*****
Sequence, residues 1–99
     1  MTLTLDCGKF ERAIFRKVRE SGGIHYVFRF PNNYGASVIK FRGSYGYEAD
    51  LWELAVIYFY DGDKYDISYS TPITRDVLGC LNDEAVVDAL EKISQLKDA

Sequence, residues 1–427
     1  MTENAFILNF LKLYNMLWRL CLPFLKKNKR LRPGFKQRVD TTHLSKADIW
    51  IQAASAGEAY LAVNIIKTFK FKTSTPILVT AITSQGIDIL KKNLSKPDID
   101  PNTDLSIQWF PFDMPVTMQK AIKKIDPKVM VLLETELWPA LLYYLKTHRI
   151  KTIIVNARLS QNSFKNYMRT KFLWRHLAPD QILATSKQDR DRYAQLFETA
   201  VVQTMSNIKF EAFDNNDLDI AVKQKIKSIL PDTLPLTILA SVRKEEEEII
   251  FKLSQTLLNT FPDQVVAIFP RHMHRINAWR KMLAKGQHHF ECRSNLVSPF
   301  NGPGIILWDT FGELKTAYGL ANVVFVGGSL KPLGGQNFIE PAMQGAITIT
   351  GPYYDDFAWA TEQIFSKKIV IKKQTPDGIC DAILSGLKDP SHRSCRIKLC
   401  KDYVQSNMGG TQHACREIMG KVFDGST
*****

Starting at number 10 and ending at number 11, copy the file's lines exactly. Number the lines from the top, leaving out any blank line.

   251  FKLSQTLLNT FPDQVVAIFP RHMHRINAWR KMLAKGQHHF ECRSNLVSPF
   301  NGPGIILWDT FGELKTAYGL ANVVFVGGSL KPLGGQNFIE PAMQGAITIT